The Navy said Sunday it will investigate "clearly inappropriate" videos broadcast to the crew of a nuclear-powered aircraft carrier in which a top officer of the ship used anti-gay slurs, mimicked masturbation and opened the shower curtain on women pretending to bathe together.
The star of the videos, made in 2006 and 2007, is a former Top Gun pilot who now commands the same ship, the Norfolk-based USS Enterprise, which was deployed in the Middle East at the time and is weeks from deploying again.
The Virginian-Pilot newspaper reported on the videos in its Saturday editions and posted an edited version of one video on its website.
Capt. Owen Honors appeared in the videos while he was the USS Enterprise's executive officer -- the second in command -- and they aired on the ship's closed-circuit television. Honors took over as the ship's commander in May.
It's not immediately known why the videos are surfacing now. The Virginian-Pilot quoted anonymous crew members who said they raised concerns aboard the ship about the videos when they aired, but they were brushed off.
It's clear from the videos that Honors had already gotten complaints when some of them were made. "Over the years I've gotten several complaints about inappropriate material during these videos, never to me personally but, gutlessly, through other channels," he said in the introduction to the video posted by the newspaper.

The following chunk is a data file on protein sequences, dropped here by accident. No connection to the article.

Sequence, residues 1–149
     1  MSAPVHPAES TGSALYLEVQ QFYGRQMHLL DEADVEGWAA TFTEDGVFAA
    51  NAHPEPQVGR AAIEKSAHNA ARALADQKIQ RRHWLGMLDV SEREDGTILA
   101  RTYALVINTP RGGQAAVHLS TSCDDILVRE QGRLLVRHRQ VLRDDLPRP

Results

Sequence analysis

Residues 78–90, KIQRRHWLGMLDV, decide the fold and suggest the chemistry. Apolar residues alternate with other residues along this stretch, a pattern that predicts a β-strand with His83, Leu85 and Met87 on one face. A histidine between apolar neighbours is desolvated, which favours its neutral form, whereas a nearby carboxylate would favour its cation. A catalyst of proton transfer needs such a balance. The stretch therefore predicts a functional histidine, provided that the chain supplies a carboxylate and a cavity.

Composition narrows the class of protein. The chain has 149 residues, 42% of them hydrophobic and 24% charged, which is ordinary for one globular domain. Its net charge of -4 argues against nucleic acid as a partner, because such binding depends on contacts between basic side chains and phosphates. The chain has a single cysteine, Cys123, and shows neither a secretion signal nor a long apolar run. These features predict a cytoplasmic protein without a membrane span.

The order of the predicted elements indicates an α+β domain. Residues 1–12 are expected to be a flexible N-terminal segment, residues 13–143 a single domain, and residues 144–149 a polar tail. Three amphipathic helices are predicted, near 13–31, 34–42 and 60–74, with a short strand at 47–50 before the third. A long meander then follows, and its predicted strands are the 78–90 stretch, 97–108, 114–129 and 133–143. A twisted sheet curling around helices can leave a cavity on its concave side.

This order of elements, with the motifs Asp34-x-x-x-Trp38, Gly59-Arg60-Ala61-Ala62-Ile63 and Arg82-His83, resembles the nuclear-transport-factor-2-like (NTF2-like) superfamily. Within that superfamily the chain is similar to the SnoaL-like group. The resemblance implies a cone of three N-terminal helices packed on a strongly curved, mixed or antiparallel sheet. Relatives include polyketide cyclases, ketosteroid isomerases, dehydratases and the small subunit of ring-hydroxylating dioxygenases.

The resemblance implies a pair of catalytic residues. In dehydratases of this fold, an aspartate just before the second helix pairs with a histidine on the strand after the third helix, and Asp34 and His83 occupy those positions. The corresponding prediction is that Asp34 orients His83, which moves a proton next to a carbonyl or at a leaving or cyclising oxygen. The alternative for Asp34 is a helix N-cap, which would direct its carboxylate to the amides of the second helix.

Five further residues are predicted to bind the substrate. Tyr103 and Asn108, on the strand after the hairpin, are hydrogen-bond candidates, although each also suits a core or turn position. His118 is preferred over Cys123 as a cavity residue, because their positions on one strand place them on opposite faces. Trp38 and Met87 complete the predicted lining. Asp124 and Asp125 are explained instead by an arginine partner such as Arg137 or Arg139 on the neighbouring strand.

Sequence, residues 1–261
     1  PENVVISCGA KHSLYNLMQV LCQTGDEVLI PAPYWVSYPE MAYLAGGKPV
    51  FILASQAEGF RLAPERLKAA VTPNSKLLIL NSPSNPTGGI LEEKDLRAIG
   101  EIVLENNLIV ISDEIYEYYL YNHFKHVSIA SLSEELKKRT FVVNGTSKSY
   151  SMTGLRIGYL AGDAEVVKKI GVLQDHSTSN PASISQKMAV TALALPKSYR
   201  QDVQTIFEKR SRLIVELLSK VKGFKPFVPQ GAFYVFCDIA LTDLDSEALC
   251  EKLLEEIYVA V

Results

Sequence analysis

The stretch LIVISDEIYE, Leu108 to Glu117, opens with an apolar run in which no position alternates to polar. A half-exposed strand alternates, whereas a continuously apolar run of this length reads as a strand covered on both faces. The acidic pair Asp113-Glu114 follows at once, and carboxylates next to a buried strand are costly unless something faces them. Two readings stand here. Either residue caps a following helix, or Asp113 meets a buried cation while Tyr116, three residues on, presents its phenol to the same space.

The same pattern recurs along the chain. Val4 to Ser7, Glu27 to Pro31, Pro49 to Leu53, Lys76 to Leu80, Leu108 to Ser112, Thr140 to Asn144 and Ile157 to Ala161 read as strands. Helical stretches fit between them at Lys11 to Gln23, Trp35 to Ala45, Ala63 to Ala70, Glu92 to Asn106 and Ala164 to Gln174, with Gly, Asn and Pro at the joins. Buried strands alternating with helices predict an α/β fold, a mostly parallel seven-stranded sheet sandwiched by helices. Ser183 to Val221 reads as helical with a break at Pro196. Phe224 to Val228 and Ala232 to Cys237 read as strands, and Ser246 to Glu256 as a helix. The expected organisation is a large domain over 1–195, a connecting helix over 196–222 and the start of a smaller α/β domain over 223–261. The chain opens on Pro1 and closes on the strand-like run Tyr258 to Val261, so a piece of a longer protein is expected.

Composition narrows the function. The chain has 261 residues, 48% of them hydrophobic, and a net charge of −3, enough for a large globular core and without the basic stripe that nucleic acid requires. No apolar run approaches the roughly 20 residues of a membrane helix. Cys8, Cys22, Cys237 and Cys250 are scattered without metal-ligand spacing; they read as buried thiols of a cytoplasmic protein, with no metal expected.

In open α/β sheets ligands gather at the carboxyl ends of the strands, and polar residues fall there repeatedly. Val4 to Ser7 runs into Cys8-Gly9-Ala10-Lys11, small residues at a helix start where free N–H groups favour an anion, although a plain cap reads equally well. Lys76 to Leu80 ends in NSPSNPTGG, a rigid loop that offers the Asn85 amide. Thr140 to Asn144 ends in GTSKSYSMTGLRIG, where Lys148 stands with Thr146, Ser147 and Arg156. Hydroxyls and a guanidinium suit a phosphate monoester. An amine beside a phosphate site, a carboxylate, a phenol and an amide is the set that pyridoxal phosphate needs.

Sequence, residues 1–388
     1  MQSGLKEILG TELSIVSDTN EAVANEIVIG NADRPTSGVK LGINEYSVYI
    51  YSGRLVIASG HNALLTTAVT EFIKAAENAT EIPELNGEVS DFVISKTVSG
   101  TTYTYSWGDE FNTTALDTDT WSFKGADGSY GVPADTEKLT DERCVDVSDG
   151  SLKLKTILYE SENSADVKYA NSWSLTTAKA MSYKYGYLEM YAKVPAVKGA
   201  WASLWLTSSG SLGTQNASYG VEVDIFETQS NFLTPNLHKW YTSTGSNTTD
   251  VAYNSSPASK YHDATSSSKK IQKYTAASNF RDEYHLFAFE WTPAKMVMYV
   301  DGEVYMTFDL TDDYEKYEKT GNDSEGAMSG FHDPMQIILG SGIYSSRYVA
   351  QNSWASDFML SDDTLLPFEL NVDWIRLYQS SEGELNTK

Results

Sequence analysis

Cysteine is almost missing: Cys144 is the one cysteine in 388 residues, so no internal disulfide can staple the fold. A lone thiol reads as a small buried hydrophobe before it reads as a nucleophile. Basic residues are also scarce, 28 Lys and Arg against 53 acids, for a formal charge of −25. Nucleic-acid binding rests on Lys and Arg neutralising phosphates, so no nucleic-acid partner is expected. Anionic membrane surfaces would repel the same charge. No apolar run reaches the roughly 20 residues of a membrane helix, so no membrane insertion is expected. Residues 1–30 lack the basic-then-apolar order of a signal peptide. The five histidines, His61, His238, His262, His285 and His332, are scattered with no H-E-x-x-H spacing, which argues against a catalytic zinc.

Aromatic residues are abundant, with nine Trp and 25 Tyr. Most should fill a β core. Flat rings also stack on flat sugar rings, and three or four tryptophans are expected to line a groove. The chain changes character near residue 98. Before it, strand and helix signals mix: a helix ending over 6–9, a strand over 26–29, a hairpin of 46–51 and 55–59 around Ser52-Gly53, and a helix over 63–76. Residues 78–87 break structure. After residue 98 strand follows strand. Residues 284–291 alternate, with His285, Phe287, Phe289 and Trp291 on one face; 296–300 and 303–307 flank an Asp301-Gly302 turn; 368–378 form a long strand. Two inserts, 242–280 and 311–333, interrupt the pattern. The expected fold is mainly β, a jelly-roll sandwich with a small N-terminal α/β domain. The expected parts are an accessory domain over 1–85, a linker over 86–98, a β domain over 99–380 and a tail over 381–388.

In the same segment, Honors uses a derogatory term for gays.
Cmdr. Chris Sims, Navy spokesman, said in a statement that the videos "were not acceptable then and are not acceptable in today's Navy."
Executive officers and other leaders "are charged to lead by example and are held accountable for setting the proper tone and upholding the standards of honor, courage and commitment that we expect sailors to exemplify," he said.
Sims said U.S. Fleet Forces Command "has initiated an investigation into the circumstances surrounding the production of these videos."
In a statement to the Virginian-Pilot on Friday, however, the Navy said it had put a stop to videos with "inappropriate content" on the Enterprise several years ago.